Correspondent Soledad O'Brien broadens the documentary series that began as her Black in America project, outlining how Treme star and New Orleans native Wendell Pierce pulled together a group of longtime friends to try rebuilding the middle class, black neighborhood Pontchartrain Park by themselves after Katrina's flooding.
Turns out, this area is a legendary breeding ground for accomplished people of color, from musician Blanchard to current EPA administrator Lisa Jackson. But the area had the second-slowest rate of return of any New Orleans neighborhood, leading Pierce and his buddies to form a development corporation in hopes of building refurbished homes in the area.
O'Brien spent time with a number of families from that area, profiling a 70-something couple who gutted their home themselves and a hardworking mail carrier who signed a pledge to buy a new house, though his wife can't bring herself to return from Baton Rouge.
The story takes a couple of detours — did we need to see the claims guy from the BP commercials watching his boyhood home knocked down? — and Pierce didn't open his first model home until just this past May. But O'Brien's tale stands as a simple tribute to the power of hard work, close friendships and serious tenacity. Witness Katrina
9 p.m. Monday, National Geographic Channel
Hard as it is to imagine people hefting cameras during the worst natural disaster in recent history, it turns out lots of folks documented their Katrina nightmare on video.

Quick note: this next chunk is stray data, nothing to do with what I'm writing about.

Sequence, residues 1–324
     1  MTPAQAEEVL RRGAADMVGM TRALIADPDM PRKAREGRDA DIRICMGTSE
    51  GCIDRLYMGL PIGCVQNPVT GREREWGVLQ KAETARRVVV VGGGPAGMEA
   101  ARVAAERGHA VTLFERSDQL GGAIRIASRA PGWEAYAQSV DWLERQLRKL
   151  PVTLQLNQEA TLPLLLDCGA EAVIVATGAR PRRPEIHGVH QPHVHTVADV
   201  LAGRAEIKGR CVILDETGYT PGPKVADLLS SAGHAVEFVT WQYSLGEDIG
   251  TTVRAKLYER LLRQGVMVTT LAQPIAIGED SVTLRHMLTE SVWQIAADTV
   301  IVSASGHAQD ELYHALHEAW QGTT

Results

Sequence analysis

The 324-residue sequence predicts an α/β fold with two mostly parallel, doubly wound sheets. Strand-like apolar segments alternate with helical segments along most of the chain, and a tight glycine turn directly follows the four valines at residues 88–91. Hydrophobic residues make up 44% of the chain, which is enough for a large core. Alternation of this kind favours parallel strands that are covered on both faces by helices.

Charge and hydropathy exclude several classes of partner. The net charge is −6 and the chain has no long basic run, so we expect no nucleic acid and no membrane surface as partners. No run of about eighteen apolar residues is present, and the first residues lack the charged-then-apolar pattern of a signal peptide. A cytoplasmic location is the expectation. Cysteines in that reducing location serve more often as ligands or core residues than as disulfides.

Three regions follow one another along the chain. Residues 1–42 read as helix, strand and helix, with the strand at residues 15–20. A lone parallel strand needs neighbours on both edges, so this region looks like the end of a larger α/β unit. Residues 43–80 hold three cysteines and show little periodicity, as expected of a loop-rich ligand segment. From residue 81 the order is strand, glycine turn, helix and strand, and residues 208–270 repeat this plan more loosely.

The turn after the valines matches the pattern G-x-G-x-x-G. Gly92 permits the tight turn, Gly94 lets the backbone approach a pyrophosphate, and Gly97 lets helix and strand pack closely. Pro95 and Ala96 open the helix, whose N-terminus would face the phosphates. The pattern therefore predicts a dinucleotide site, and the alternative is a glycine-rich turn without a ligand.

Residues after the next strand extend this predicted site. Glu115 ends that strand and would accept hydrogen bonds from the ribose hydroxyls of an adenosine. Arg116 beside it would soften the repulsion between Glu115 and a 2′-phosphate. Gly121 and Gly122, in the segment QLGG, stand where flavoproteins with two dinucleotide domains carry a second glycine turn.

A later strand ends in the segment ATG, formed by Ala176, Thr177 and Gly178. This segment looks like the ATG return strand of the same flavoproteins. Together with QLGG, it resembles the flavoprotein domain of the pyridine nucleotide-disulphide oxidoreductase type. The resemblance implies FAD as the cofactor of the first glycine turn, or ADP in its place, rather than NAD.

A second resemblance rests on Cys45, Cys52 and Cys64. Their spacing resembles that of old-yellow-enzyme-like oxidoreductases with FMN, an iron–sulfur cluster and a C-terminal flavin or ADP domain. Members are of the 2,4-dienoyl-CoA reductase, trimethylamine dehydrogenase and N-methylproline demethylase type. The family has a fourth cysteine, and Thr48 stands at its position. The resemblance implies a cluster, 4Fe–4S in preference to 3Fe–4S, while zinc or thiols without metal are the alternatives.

So National Geographic pulled those videos into a single, chilling film, outlining the 72 hours spanning Katrina's approach, landfall and the subsequent flooding in a compelling pastiche of stories. One moment, we see young 20-somethings having a hurricane party in Bay St. Louis, with one well-lubricated partier predicting cluelessly that the storm is overhyped. The next, we're watching an anxious man trying to drive out of the city hours before Katrina hits, only to be forced to take refuge at the Superdome.
Much of the drama comes from the devastation we know is coming. As antsy homeowners cover their windows with plywood, we wince, knowing the approaching disaster won't be held back by a few screws and pieces of wood. Seeing a storm chaser from hurricane.com set up his equipment, we know the show he's about to witness.
Told largely through the voices of those doing the taping, Witness Katrina provides an intimate, fresh look at a calamity many of us thought we already knew well, which may be the greatest feat of all during the deluge of coverage centered around this historic anniversary.
Eric Deggans can be reached at firstname.lastname@example.org or (727) 893-8521. See the Feed blog at tampabay.com/blogs/media.